• The worst performing commodity for the week was natural gas, down 11.81%, and continuing its longest streak of weekly losses in January 2019. Fundamentals are becoming more bearish. U.S. gas inventories are up, and larger-than-expected stockpiles are signaling to the market that record production is now having an impact on prices, as demand wanes in the off season plus a slower economy.
  • Gasoline inventories are running low on the West Coast and in the Midwest, as reported by Bloomberg. Consumers are again seeing surging prices at the gas pump, yet gasoline futures are falling in price. Refinery fires and unplanned shutdowns, on top of scheduled maintenance, sent wholesale prices in Los Angeles, San Francisco, and Portland to record highs. Stockpiles of gasoline in the U.S. are running at their lowest level in 14 years.
  • The potash market sentiment continues to be bearish, as demand remains scarce and supply abundant, with incremental product from Belaruskali emerging across various regions. On the other side, Russia states it still faces a level of logistical export hurdles in terms of elevated insurance premia, securing trade finance/LoC, and product into Brazil has diminished over the last two months.


  • Morgan Stanley is selectively turning more positive on mining equities as most stocks in its coverage trade at increasingly attractive stock valuations — global Metals & Mining stocks’ relative valuation stands at 1.4 standard deviations below their historical average — despite strong free cash flow generation, capex discipline, and low leverage.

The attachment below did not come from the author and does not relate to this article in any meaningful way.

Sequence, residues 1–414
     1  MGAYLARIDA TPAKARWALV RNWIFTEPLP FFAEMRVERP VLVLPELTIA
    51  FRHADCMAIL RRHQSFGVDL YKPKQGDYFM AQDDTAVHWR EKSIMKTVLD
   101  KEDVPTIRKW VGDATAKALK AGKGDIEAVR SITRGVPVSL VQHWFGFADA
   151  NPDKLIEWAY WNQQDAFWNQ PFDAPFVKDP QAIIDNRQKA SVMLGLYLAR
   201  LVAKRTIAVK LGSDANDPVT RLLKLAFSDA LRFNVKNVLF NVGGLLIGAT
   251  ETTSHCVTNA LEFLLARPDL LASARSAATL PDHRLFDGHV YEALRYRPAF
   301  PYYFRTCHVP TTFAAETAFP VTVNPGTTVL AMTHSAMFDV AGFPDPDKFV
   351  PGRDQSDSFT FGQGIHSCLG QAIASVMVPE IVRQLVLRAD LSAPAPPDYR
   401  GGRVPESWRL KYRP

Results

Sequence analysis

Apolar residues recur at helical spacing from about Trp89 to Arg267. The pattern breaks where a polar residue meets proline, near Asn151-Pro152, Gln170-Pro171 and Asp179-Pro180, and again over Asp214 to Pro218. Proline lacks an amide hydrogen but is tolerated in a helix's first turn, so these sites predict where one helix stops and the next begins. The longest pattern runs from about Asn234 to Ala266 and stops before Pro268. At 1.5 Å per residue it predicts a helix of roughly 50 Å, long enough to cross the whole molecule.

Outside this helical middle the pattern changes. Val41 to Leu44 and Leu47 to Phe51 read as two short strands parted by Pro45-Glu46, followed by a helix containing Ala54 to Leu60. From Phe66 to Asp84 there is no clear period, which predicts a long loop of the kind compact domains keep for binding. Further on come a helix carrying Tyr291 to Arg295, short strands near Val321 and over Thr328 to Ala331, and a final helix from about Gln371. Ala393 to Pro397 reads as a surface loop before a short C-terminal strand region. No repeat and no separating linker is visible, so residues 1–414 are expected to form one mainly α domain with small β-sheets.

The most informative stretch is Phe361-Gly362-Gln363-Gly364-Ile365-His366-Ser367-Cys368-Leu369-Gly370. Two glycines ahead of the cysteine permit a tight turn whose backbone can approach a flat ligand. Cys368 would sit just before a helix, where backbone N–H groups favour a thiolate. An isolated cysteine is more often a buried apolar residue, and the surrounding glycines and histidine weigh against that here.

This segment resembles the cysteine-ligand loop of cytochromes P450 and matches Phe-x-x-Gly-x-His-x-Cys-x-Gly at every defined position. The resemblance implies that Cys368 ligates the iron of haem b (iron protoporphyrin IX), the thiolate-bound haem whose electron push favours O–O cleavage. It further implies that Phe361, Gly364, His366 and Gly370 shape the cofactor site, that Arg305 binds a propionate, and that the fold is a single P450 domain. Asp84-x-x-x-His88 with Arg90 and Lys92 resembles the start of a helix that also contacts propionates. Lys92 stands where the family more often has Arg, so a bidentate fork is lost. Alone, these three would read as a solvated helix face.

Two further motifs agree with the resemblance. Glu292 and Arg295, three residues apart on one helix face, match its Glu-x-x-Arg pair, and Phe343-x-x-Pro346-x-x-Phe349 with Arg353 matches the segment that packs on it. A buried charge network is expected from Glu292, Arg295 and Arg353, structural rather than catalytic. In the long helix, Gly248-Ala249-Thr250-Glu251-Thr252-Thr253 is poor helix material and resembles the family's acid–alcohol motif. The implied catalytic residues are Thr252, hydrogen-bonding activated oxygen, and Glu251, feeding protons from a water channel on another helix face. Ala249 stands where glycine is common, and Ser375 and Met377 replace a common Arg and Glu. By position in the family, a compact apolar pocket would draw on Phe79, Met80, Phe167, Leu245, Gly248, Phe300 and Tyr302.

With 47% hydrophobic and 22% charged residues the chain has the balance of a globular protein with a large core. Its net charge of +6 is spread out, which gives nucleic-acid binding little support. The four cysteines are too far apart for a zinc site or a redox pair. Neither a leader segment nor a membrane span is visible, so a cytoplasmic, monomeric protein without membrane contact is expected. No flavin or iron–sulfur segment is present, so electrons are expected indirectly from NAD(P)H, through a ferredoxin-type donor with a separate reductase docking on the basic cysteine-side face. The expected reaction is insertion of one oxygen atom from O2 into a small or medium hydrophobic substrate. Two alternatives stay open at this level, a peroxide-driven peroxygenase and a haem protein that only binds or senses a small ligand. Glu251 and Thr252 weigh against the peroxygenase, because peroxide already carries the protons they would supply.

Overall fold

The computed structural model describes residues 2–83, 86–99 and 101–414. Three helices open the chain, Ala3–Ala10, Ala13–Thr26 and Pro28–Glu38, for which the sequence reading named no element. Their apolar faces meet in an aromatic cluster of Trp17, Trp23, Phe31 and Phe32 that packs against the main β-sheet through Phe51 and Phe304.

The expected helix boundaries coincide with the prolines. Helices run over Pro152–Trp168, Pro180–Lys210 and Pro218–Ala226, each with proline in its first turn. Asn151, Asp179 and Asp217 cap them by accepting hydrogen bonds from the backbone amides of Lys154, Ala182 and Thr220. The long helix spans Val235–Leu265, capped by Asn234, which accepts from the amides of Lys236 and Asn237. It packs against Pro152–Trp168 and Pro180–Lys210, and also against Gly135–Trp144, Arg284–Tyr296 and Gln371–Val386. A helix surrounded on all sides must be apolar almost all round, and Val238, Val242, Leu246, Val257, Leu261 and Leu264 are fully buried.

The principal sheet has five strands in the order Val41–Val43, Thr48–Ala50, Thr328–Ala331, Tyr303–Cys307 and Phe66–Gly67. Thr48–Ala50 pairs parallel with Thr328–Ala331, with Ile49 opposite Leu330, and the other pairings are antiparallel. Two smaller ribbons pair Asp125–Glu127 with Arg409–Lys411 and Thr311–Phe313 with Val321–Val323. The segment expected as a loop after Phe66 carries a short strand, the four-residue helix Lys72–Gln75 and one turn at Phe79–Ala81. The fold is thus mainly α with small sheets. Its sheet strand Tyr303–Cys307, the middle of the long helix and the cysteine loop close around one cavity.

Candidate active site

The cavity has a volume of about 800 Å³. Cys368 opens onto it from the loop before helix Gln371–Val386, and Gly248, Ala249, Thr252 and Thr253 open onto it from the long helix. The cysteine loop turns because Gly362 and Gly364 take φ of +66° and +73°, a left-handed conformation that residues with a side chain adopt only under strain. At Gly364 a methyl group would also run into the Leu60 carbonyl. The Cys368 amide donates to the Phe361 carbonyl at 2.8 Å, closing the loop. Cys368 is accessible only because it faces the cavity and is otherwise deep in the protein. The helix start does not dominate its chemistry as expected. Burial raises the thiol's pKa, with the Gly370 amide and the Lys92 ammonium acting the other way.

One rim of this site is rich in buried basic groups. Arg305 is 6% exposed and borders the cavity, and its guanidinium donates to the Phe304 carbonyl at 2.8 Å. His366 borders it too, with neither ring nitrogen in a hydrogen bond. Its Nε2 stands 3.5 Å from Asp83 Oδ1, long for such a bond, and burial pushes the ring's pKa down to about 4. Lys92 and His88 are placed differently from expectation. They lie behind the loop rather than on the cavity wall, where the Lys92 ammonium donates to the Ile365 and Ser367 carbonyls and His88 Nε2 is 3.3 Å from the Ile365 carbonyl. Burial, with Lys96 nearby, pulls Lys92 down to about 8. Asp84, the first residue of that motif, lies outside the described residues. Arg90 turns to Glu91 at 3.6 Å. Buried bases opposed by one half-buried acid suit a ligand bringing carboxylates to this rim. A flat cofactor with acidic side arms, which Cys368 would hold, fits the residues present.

mining metals breakout
  • After flattening in 2017-2018, footage drilled/rig/day in the Permian has steadily risen over 2019-2021 and year-to-date. It’s not surprising that 2019-2020 saw strong increases in rig efficiencies as declining activity typically results in high grading of the operator base and active rig fleet. What is surprising is that rig efficiency has continued to improve at a decent clip in 2021 and year-to-date despite rig activity doubling over this period, which runs counter to 2017-2018, when efficiencies flattened out as activity increased. Typically, less efficient rigs are added as activity increases.
  • U.S. permitting activity increased in August with 1,306 approved permits compared to 1,152 permits in July. On a month-over-month basis (August versus July), the total approved permit count for horizontal wells increased by 154 permits, or 13.4%, to 1,306 permits. Private operators received 576 approved permits compared to 730 approved permits for public operators in August, which compares to private operators with 558 permits and public operators with 587 permits in July.


  • According to Morgan Stanley, although mining equities have typically outperformed during periods of high inflation, risks around China demand for metals from a deepening housing downturn and a doubling-down on zero-Covid policy, along with a lingering energy crisis in Europe, are likely to remain obstacles to a broad sector re-rating. In fact, China property demand indicators, such as land sales and floor space starts, are still in deep contraction, offsetting an anticipated pick-up in infrastructure demand.
  • LNG cost inflation appears under-reported by market players. There could be potentially 20-30% cost inflation for projects, or over $800 per ton construction costs. With many LNG prices still in the $2.00-$2.25/MMBtu range despite these emerging pressures, returns for projects could be eroded.